In his photographs, screen prints, neon text pieces, videos, sculptures and museum installations, Brook Andrew looks into the causes and effects of the inequalities between Australia’s original inhabitants, and its more recent settlers.He inserts the culture and motifs of his Wiradjuri heritage into many of his works while incorporating a diversity of references that include the media, politics, popular culture, nationalism, and colonial and anthropological histories.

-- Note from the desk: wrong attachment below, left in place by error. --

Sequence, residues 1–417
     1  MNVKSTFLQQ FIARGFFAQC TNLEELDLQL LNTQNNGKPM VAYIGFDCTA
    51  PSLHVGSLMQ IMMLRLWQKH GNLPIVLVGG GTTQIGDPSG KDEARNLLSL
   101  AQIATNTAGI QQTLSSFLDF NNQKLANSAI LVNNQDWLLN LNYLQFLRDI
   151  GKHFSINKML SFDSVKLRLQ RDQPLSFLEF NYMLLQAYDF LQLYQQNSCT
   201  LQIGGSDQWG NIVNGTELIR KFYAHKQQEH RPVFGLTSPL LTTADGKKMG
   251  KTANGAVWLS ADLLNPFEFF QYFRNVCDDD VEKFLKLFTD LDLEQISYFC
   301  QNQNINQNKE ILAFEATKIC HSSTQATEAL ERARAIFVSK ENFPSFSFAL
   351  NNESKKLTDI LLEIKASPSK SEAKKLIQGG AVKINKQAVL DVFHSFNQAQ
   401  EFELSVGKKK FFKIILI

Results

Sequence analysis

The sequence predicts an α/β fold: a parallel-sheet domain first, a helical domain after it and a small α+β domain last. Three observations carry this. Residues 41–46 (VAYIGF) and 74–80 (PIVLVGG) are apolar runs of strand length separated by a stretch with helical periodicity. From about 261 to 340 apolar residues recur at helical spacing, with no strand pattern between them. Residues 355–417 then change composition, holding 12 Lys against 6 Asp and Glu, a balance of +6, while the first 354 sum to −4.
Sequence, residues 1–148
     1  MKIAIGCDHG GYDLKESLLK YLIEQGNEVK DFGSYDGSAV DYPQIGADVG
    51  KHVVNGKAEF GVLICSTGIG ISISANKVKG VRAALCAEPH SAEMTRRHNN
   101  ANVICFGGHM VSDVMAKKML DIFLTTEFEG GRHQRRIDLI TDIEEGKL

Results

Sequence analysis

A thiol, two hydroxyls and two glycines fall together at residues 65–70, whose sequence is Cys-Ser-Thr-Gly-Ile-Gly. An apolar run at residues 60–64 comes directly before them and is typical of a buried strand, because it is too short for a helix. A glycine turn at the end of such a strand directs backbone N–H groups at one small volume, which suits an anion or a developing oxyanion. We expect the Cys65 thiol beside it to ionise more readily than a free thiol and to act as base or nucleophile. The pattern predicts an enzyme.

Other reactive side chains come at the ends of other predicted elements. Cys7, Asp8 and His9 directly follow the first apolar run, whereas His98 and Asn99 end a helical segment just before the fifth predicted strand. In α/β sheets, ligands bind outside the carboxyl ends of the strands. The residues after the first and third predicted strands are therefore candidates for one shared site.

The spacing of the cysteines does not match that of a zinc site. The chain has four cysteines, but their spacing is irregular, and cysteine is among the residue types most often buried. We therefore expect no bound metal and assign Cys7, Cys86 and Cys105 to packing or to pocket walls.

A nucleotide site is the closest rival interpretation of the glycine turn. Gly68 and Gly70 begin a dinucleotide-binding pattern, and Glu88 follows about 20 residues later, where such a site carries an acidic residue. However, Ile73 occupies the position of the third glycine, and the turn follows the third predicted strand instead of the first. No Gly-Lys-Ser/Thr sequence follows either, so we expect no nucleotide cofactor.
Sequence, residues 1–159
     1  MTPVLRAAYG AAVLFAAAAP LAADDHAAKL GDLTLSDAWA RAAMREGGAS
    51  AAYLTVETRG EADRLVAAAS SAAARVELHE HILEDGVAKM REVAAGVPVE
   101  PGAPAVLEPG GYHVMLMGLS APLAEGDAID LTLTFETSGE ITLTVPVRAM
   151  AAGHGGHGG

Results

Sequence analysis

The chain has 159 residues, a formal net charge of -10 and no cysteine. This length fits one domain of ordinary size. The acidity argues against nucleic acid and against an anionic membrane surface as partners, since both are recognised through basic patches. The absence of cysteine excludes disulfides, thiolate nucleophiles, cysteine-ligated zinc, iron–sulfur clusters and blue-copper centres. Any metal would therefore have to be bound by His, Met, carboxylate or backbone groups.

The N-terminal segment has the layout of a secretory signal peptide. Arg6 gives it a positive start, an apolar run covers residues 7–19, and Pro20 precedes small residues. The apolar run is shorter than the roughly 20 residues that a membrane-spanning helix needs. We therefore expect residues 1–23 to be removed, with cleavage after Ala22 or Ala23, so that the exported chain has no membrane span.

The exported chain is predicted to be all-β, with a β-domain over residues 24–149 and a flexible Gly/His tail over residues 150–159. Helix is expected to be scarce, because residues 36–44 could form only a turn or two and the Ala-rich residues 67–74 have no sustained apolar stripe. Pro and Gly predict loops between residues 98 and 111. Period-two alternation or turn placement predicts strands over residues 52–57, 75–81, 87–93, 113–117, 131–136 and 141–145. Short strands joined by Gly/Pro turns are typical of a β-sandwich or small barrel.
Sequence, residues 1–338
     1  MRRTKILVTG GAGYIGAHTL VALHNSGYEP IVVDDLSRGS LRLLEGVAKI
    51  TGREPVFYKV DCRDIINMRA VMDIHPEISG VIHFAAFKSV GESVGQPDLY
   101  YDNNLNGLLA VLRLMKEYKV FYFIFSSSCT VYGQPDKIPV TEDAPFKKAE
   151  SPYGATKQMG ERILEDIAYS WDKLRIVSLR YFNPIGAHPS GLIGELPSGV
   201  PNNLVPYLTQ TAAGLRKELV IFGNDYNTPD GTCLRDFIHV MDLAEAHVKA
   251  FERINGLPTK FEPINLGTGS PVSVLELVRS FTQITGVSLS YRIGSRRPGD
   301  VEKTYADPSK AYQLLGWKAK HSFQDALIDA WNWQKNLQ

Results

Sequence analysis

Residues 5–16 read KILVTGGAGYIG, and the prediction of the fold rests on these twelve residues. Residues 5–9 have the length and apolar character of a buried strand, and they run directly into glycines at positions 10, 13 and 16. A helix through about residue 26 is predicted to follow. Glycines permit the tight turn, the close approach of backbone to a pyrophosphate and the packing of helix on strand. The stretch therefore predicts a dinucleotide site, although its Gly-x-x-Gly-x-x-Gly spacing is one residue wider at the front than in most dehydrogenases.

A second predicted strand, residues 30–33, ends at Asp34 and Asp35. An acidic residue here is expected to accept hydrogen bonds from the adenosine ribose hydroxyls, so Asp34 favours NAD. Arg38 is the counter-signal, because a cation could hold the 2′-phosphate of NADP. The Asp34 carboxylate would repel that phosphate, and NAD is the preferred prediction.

A contemporary war memorial titled Jumping Castle War Memorial (2010) is a seven-metre-wide ‘bouncy castle’, designed as if it were an attraction for children. But it is presented with a catch: only adults over 16 will be allowed to jump on it. On closer examination, we see that its plasticenclosed turrets contain skulls that represent those often forgotten peoples who were the victims of genocide worldwide. The diamond black and white pattern references Wiradjuri culture and represents the experience of cultural amnesia and hypnosis. The question is posed: to jump or not to jump?
Jumping Castle War Memorial was presented as part of the 17th Biennale of Sydney (2010) on Cockatoo Island.